Treasuries Advance on European Debt Crisis, U.S. Slowdown

Treasury 10-year yields were within four basis points of an eight-week low as Europe’s fiscal crisis and forecasts for slowing U.S. economic growth spurred demand for the safest securities.

Ten-year notes rose earlier as the Federal Reserve prepares to start a two-day meeting, with Chairman Ben S. Bernanke scheduled to hold a press conference tomorrow. Bernanke said March 26 that continued accommodative monetary policy is needed to bring down unemployment. The U.S. plans to sell $35 billion of two-year notes today, the same amount of five-year debt tomorrow and $29 billion of seven-year securities on April 26.

“Treasuries are the safe-haven of choice in the current environment,” said Marc Ostwald, a strategist at Monument Securities Ltd. in London. “Yields are close to two-month lows, so we are wandering into the area where the risk-reward starts to become rather pernicious. It’s an important period in terms of market perception, both about the U.S. economy and what the Fed does next.”

The benchmark 10-year yield was little changed at 1.95 percent at 10:24 a.m. in London, according to Bloomberg Bond Trader prices. The 2 percent note maturing in February 2022 traded at 100 14/32. The yield dropped to 1.91 percent yesterday, the lowest since Feb. 28. It fell to a record 1.67 percent on Sept. 23.

Ostwald said the yield’s decline below 1.96 percent yesterday puts “1.85 percent in focus.”

French Elections

French President Nicolas Sarkozy lost the first round of his re-election bid, and he faces a runoff against Socialist Party challenger Francois Hollande on May 6. Hollande said yesterday a victory by his party would “be the end of imposing austerity everywhere, austerity that brought desperation to people throughout Europe.”

A revolt against spending cuts in the Netherlands led Prime Minister Mark Rutte to offer to quit.

Treasury yields “are headed lower,” said Ali Jalai, who trades Treasuries in Singapore at Scotiabank, a unit of Bank of Nova Scotia (BNS), one of the 21 primary dealers that underwrite the U.S. debt. “The economy is just chugging along. It’s not accelerating. Problems in Europe are going to be around for a long time.”

Jalai said he favors five- and seven-year notes because they offer a higher yield than shorter maturities. He said he’d be more bullish on 30-year bonds if inflation slows.

Seven-year Treasuries yield 1.08 percentage points more than two-year debt. Demand for the longer-term note has narrowed the spread from this year’s high based on closing prices of 1.38 percentage points in March. Thirty-year bonds are among the most sensitive to inflation because of their long maturity.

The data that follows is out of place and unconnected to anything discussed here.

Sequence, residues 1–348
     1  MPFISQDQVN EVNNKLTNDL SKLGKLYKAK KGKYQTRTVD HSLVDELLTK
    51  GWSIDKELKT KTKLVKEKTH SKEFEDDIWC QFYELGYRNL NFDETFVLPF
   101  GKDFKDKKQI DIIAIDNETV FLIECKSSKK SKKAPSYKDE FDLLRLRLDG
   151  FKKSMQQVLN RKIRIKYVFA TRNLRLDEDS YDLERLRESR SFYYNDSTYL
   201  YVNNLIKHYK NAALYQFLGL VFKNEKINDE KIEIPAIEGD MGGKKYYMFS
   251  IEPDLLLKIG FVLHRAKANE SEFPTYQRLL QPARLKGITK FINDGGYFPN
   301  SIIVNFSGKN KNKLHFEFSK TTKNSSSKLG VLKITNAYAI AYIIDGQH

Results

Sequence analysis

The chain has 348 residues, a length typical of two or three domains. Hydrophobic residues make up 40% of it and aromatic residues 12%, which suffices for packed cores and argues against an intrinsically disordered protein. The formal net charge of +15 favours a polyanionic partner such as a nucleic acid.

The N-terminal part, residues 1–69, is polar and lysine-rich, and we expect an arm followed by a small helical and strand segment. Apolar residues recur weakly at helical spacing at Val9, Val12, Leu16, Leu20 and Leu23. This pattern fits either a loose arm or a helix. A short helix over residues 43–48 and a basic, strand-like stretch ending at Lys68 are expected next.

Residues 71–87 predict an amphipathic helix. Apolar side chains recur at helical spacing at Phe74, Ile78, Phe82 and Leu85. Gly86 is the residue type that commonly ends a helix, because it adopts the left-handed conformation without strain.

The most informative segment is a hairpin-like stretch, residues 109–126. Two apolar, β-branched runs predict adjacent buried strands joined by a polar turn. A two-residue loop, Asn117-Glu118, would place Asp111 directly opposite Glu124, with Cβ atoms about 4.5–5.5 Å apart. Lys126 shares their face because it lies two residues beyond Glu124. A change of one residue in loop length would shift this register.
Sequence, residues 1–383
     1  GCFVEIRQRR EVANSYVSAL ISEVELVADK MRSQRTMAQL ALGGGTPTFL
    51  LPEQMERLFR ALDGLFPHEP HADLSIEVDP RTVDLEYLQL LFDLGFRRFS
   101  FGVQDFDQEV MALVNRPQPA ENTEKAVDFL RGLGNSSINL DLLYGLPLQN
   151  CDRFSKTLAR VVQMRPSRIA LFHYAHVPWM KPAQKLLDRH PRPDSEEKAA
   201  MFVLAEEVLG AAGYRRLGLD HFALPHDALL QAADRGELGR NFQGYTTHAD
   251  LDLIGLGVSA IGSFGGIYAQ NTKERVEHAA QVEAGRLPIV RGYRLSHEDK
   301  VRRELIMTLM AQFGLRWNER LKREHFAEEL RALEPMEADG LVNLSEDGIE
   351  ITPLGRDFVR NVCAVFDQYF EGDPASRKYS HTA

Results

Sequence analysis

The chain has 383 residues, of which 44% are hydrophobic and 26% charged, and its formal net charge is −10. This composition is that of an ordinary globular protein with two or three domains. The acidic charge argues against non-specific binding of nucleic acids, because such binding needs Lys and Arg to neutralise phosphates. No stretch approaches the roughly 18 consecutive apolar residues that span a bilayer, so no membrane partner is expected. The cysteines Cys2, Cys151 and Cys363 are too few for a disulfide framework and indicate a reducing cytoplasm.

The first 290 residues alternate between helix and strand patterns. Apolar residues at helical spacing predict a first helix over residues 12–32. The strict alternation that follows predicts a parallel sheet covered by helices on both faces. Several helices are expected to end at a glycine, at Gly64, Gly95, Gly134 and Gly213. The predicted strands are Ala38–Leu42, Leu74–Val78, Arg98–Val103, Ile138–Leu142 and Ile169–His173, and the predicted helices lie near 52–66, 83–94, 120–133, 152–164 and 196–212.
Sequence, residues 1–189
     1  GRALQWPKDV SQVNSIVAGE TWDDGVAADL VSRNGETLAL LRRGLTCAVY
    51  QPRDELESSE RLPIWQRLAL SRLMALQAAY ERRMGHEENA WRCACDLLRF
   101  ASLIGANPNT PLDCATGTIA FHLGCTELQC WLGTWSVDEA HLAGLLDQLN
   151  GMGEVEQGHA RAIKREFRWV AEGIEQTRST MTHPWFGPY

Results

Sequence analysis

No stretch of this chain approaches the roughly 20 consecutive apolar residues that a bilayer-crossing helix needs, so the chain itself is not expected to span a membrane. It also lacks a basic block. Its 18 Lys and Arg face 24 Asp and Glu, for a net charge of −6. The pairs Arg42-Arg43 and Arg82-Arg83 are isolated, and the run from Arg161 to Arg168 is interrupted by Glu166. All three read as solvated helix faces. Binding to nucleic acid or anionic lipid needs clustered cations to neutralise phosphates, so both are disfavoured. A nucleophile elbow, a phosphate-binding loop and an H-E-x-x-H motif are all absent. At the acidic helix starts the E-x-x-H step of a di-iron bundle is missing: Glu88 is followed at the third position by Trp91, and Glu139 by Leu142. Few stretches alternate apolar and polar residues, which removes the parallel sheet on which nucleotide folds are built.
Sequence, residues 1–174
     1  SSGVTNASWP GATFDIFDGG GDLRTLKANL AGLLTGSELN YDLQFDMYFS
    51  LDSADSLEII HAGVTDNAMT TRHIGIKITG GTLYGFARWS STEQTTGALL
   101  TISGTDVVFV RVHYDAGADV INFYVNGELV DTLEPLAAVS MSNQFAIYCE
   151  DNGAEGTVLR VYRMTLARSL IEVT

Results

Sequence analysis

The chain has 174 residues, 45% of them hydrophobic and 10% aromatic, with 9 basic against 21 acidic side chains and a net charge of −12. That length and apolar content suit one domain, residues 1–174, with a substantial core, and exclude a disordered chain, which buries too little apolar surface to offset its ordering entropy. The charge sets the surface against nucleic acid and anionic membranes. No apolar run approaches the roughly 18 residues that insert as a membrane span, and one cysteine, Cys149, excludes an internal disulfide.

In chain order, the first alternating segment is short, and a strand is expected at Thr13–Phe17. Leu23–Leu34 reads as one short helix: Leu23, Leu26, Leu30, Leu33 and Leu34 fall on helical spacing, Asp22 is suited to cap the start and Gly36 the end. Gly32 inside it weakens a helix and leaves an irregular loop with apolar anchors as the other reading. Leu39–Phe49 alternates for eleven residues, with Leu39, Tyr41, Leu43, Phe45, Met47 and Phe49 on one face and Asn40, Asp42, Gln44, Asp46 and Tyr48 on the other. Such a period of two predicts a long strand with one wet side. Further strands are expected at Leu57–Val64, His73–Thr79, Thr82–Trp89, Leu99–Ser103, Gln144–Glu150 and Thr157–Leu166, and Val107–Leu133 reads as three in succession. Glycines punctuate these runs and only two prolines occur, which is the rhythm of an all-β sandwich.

U.S. GDP

U.S. gross domestic product expanded at a 2.5 percent annual rate in the first quarter, according to the median forecast of economists surveyed by Bloomberg News before the Commerce Department report on April 27. Growth was 3 percent in the previous three-month period.

Commerce Department figures tomorrow will show durable goods orders declined 1.7 percent in March, after rising 2.4 percent in February, according to a separate Bloomberg survey. New home sales rose in March, another survey showed before the government releases the data today.

Higher Yields

Ten-year yields may rise to 3 percent by year-end, according to at Daiwa SB Investments Ltd., which oversees the equivalent of $61 billion, including Asia’s second-largest mutual fund. Bonds with yields less than 2 percent appear “a bit expensive,” said Kei Katayama, who invests in U.S. debt for the company in Tokyo.

Ten-year yields may be in a range of 2 percent to 2.5 percent with the potential to rise to 2.75 percent in 2012, according to Charles Schwab Corp., which is based in San Francisco and manages $199 billion.

“We don’t anticipate that the Fed will change policy this year and it seems unlikely at this juncture that they will engage in more quantitative easing,” Kathy A. Jones, a fixed- income strategist at the company, wrote in an e-mail.

The central bank is scheduled to buy as much as $5 billion of Treasuries due from April 2018 to February 2020 today, according to the New York Fed’s website. The purchases are part of the bank’s effort to replace $400 billion of shorter-term debt in its holdings with longer maturities to hold down borrowing costs.

Fed Buying

U.S. central bankers bought $2.3 trillion of bonds in two rounds of so-called quantitative easing known as QE1 and QE2. They’ve also said they will probably keep their target for overnight lending between banks at almost zero at least until late 2014.

The two-year notes being sold today yielded 0.27 percent in pre-auction trading, compared with 0.34 percent at the previous sale of the securities on March 27, the highest since July. Investors bid for 3.69 times the debt on offer last month, up from 3.54 times in February.

The two-year yield fell to 0.254 percent yesterday, the lowest since Feb. 10.

The yield is below the 200-day moving average of 0.2628 percent and may encounter resistance at 0.25 percent, according to data compiled by Bloomberg. The yield may find support at the 100-day moving average of 0.2763 percent, the data show.

Resistance refers to an area on a chart where technical analysts anticipate orders to sell a security to be clustered and a support level is an area where they anticipate buy orders will be grouped.

To contact the reporters on this story: Wes Goodman in Singapore at wgoodman@bloomberg.net; Keith Jenkins in London at kjenkins3@bloomberg.net

To contact the editor responsible for this story: Daniel Tilles at dtilles@bloomberg.net

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